Washington’s wolves were driven to extinction in the early 1900s by a government-sponsored eradication program on behalf of the livestock industry. Since the early 2000s, the animals have started to make a comeback by dispersing into Washington from neighboring Idaho and British Columbia (Canada). They are listed as endangered throughout Washington under state law and the western two-thirds of the state under federal law.
In 2011 the WDFW Commission formally adopted the state’s wolf plan, which was crafted in a five-year process with input from a 17-member stakeholder group, more than 65,000 written comments from the public, and a peer review by 43 scientists and wolf managers. The plan requires 15 successful breeding pairs for three consecutive years to remove endangered-species protections. The goal of the plan was to recover wolf populations while minimizing livestock losses. However, the Commission and Department officials have publicly stated that they view the plan as “merely advisory.”
Less than a year (2012) after adopting the plan, the WA Department of Fish and Wildlife wiped out an entire pack of wolves, the Wedge Pack, including its young pups, which had allegedly depredated on cattle that grazed on public and private land. Fish and Wildlife Director Phil Anderson said the effort was necessary. “Lethal removal will remain a wolf-management option, but we will use it only as a last resort,” Anderson said. “We are committed to the recovery and sustainability of the gray wolf in Washington, and its numbers are increasing rapidly.”
The truth is wolf recovery is still in its infancy in Washington. According to the Department’s annual wolf report, its wolf population grew by only one wolf, from a population of 51 wolves to 52 wolves from the end of 2012 to the end of 2013. In contrast, there are 1.1 million head of cattle that roam public and private lands in the state – including throughout known wolf country.
The Wedge Pack debacle taught all involved that there must be commitments from the state and cattlemen to expand the early use of nonlethal efforts and proven effective wolf conflict avoidance techniques to ensure the future sustainability of wolves that are just beginning to reclaim parts of its historic range. Unfortunately, not much progress was made in that regard.
Now, another pack, the Huckleberry Pack, is the newest target of WDFW’s mismanagement. It was alleged that the pack was responsible for depredating 22 sheep pastured by Mr. Dave Dashiell – placed in an area that made it very difficult to implement nonlethal deterrents and conflict avoidance measures. While some attempts were made to use simple non-lethal methods, they were woefully late and poorly implemented. It is commonly known that these measures are effective only when used correctly and given time to work.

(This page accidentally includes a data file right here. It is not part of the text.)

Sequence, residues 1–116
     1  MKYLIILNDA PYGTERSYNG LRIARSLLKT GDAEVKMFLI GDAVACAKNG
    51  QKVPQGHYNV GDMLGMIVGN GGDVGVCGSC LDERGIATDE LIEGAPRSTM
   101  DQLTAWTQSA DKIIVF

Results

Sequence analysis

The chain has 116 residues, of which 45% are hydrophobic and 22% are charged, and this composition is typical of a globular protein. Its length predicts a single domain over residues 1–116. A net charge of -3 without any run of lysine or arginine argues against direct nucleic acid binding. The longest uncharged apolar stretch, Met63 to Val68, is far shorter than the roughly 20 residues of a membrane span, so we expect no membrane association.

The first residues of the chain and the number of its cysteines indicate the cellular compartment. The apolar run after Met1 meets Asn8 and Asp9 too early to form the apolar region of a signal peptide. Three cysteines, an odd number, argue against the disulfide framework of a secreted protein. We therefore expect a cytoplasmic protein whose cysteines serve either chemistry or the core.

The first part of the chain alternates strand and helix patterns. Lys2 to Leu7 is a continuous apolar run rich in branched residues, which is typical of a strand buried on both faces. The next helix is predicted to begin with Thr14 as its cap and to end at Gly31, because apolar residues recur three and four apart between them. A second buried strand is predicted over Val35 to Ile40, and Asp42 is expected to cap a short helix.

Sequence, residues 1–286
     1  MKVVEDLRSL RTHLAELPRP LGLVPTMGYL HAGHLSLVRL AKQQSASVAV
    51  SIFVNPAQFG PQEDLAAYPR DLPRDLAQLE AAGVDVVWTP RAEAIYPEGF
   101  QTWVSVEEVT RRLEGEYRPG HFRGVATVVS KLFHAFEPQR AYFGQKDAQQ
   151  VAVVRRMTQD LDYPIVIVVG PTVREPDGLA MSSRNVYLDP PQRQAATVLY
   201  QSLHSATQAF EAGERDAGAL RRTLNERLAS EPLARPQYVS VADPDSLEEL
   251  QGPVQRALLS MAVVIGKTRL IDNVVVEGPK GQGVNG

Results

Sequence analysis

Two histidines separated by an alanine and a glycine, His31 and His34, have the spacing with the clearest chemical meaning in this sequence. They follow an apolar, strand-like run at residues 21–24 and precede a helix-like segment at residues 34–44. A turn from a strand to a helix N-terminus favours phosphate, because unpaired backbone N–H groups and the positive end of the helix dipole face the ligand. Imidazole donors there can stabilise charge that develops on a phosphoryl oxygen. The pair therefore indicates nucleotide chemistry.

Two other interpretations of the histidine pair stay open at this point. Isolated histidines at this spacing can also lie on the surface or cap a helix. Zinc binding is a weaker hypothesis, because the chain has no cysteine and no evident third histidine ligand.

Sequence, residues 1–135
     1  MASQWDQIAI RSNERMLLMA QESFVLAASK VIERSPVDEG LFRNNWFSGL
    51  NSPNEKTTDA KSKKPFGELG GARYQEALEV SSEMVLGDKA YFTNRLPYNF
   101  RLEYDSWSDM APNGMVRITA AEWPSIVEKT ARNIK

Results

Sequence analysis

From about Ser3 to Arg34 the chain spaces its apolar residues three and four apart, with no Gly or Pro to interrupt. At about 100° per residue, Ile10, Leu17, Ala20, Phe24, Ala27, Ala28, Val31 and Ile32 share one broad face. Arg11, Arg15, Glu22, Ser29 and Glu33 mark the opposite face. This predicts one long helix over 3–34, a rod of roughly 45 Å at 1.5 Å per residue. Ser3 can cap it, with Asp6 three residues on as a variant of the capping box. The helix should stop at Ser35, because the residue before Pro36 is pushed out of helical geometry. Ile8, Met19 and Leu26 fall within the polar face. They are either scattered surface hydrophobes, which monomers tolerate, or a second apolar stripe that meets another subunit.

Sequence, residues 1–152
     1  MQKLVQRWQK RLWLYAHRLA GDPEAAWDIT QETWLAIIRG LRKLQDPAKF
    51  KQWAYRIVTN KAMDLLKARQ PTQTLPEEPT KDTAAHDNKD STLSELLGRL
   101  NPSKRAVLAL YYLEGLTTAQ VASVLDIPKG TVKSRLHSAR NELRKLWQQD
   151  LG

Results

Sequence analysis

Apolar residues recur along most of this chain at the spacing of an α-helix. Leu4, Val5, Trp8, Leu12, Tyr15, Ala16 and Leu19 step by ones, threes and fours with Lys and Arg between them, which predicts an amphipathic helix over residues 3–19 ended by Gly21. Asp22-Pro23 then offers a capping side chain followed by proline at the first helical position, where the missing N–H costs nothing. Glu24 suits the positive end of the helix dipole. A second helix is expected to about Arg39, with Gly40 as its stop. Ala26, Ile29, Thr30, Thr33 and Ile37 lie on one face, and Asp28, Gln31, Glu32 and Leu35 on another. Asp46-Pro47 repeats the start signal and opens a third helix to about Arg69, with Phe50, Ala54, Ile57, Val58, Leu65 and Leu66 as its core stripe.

Like the Wedge Pack, the Huckleberry pack now remains in the crosshairs. The department already aerial-gunned a female wolf pup on August 24th. On Aug. 29th, the Steven’s County Commission released the following resolution.
It is important to note that among those Commissioners who signed it, is the brother of said sheep rancher, Commissioner Don Dashiell. Also interesting is the sheep rancher is eligible for compensation (at taxpayer expense) for any lost sheep that were the result of confirmed wolf depredation.
Over the weekend, Stevens County ranchers moved their 1800 sheep to a temporary pasture before getting trucked to their winter range. During this move, members of Huckleberry wolf pack received temporary three-day reprieve. But, it is apparent that the kill order on this wild family has resumed.
On Aug. 28th, eight conservation groups filed an appeal with Governor Jay Inslee asking for reasonable and enforceable rules that mandate what ranchers need to do to protect their livestock and when the state can step in and kill an endangered species. Rules similar to those in place in Oregon and are working to encourage ranchers to enact nonlethal measures; there, the number of depredations has decreased dramatically, and the state has not killed wolves in more than three years.
The appeal to Gov. Inslee was filed by groups representing tens of thousands of Washington residents, including the Center for Biological Diversity, Cascadia Wildlands, Western Environmental Law Center, Gifford Pinchot Task Force, The Lands Council, Wildlands Network, Kettle Range Conservation Group and the Washington State Chapter of the Sierra Club. Upon receipt of the appeal, the governor’s office has 45 days to respond with a final decision.
Thus, the Wolf Conservation Center’s Awareness and Action Committee is encouraging its supporters to champion this effort by respectfully urging the Governor to (1) revoke the state’s kill order on the Huckleberry pack (2) adopt reasonable and enforceable measures that will ensure a future for wolf recovery in the state.
Please email and call Governor Inslee
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Please visit the source of the article-The Wolf Conservation Center-by clicking this link